Back in March 1, 2010, we discussed 3 Problems with Apple’s iPad.
I choose the image on the left because talking about the iPad is literally a hot topic.
Whether you support or hate the iPad, if you talk about it, you will easily find that people have a strong opinion about it.
On the previous article, it was concluded that:
Unclear customer value, unreliable data network service of AT&T, and poor brand name cast a shadow of doubt on the performance of the iPad.
I received a lot of comments, both positive and negative, regarding this conclusion and the 3 problems that were pointed out.
Problem #1: What is the value of having an iPad?
From the feedback received, it was very interesting that there was most discussion did not focus on the intrinsic value of the iPad itself but rather on the lack of support for Adobe Flash on the iPad.
Apparently there appears to be a consensus that some people might not see the value of owning an iPad. However, calling the inability of Adobe Flash support a problem, bugged several iPad supporters.
Mashable discusses this issue in more detail:
The above shot taken from Apple’s presentation (hat tip: Engadget) demonstrates quite clearly another big omission from the iPad: support for Adobe Flash. It’s bad enough on the iPhone, but imagine loading up a nice video link on the iPad only to have it… simply not play.
We know Apple dislikes its lack of control over the whole Flash ecosystem, and that Flash is the leading cause of crashes on OS X. We can also prognosticate that Apple is hoping that HTML5 will take off quickly and start to disintermediate Flash as the primary technology powering video playback on the web.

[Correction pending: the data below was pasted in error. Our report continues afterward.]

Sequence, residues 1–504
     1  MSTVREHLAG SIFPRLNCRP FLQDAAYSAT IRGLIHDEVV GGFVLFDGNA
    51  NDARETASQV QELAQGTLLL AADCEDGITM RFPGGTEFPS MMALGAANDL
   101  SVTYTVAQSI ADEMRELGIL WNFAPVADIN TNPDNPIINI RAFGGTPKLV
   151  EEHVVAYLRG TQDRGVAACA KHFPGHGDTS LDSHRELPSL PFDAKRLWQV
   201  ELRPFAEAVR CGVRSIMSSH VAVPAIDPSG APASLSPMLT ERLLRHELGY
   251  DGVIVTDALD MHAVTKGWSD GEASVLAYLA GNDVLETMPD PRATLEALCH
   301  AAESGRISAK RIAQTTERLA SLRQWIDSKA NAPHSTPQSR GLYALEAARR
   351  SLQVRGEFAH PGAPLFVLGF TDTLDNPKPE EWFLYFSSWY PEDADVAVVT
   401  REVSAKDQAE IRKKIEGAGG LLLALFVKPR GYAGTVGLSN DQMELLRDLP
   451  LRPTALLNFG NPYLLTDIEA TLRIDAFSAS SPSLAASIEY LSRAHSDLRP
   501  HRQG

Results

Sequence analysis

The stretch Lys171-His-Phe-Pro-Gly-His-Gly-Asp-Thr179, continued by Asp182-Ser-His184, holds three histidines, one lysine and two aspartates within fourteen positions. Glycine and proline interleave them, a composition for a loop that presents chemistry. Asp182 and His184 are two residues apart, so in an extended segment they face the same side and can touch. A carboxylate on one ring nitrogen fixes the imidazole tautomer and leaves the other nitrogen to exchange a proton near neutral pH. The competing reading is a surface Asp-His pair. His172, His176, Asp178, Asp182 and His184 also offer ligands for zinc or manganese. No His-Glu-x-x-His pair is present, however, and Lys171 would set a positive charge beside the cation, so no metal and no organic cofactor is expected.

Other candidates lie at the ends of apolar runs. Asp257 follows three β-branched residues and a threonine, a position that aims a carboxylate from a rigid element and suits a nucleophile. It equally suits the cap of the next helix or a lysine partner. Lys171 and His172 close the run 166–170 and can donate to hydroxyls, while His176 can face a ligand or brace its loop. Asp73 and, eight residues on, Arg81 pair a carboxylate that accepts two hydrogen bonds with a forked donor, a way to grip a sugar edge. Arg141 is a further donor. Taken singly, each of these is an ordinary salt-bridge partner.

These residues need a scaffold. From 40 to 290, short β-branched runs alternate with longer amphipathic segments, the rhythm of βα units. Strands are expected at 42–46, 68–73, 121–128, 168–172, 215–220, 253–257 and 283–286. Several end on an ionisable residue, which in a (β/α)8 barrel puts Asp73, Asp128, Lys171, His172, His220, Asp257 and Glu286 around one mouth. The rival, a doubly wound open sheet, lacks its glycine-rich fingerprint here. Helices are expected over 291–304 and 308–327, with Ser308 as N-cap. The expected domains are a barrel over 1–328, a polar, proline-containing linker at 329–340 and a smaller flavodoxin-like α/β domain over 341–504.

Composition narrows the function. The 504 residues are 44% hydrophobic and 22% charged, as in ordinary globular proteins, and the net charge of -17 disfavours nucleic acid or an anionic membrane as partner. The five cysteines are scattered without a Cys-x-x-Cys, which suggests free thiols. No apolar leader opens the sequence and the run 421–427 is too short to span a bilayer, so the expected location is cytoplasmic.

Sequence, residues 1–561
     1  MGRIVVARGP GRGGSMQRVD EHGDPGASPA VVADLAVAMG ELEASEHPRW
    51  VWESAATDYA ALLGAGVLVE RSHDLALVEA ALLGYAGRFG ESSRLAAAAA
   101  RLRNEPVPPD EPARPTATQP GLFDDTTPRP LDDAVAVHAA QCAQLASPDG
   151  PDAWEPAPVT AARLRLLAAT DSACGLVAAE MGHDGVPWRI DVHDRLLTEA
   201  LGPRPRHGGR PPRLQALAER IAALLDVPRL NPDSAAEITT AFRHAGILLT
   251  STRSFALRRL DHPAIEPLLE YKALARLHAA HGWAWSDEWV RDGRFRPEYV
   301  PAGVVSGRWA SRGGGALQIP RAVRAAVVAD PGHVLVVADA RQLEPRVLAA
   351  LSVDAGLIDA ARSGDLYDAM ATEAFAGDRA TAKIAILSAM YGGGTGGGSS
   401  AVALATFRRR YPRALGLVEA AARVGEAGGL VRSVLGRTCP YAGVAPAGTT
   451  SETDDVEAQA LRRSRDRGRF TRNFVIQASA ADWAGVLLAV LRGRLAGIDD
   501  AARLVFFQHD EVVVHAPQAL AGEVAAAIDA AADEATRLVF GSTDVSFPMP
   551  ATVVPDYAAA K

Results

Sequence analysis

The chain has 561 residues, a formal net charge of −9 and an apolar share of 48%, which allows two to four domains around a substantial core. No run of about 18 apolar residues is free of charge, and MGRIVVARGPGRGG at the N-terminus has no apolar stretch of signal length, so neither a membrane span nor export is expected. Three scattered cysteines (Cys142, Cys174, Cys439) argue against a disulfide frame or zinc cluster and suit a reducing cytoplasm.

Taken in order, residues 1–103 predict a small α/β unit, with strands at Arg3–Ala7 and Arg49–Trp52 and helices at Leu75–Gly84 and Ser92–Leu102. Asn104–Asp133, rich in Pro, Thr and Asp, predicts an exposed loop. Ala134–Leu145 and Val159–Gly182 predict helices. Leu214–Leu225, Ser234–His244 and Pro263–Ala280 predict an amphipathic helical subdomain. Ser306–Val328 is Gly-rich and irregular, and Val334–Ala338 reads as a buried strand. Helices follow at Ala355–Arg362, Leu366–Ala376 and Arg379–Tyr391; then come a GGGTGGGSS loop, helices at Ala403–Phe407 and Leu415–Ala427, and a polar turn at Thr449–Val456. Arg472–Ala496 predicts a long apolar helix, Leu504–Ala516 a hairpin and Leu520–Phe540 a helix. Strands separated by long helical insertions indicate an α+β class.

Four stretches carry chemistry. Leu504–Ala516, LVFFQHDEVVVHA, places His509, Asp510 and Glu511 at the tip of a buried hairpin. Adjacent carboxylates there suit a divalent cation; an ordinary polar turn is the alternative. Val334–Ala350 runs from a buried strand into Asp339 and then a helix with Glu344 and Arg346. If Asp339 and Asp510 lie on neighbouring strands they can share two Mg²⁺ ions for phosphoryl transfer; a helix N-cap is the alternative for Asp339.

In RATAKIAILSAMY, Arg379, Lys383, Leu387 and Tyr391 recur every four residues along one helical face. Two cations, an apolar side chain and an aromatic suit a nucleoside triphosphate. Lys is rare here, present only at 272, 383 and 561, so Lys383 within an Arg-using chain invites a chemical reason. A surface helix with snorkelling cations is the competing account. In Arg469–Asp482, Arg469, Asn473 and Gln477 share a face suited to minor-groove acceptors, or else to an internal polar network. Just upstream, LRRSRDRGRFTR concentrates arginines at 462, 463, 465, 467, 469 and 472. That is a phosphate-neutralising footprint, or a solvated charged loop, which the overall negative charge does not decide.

Still, YouTube just announced their HTML5 player last week. It’s getting out there, but it’s the early days for widespread HTML5 support. It’s doubtful it will be in a position two short months from now to completely replace the Flash experience for web video, leaving a lot of ugly “plug-in missing” boxes to make an appearance on one’s expensive iPad tablet.
As of the time that this article was written, there were still developments on this issue.
In the same article, Mashable also went to warn potential users of the iPad about other technical difficulties.
When buying the Apple iPad, you really need to understand all the implications of what the iPad can do and can’t do. Having a real perspective on what the specs of the iPad will allow you to make a better decision on whether or not to buy one.
Problem #2: Another monthly bill of AT&T’s 3G network.
Supporters of the iPad claim that this is not true.
However, isn’t the 3G service from the iPad tied only to AT&T?
Apple indicates on its website:
In the U.S., 3G service will be available from AT&T.
The poor performance of AT&T’s 3G service has been widely reported by Business Week (among other publications):
- AT&T’s iPhone Dilemma (April 30, 2009)
- Apple-AT&T: Hints of Strain (June 12, 2009)
- Can AT&T Meet iPhone Network Demands? (August 23, 2009)
- AT&T Mulls Plans to Deal with iPhone Data Demand (December 21, 2009)
- An AT&T Mystery: Abrupt New York iPhone Shutdown (December 28, 2009)
- Apple iPad Adds to Pressure on AT&T (January 28, 2010)
- AT&T’s iPhone Mess (February 03, 2010)
Do you really want more of AT&T’s spotty service?
Some people pointed out that you can only pay for 3G service only when you need it….yet why would you pay for service that you anticipate to be bad?
Some people pointed out that you can get a WiFi only version….yet why would you want another device that can only work at home (don’t you have a laptop, desktop, etc) and that does less efficiently basic features (e.g. try writing a 500 word essay on a laptop or minibook versus the iPad)?
Problem #3: Social Media is mocking the iPad.
Viral mockery is one of the key elements of Apple’s “I am a Mac” TV ads.
Funny that Mac fans love those ads.
Funny that when successful viral mockery turns against Apple, the Mac fans revolt!
Let’s not take ourselves so seriously! Yes, that’s right I am an Apple fan as well.
I still stand by the previous conclusion that unclear customer value, unreliable data network service of AT&T, and poor brand name cast a shadow of doubt on the performance of the iPad.
Current pre-order sales of the iPad appear to be healthy and it appears that this pre-order inventory is already sold out. That is not a surprise and should be taken with a grain of salt, this is done on purpose. I would wait until around the holiday season to truly evaluate the performance of the iPad.
Thank you to everybody for the feedback! I enjoy healthy discussion. Feel free to leave a comment here or contact me at @idaconcpts on Twitter.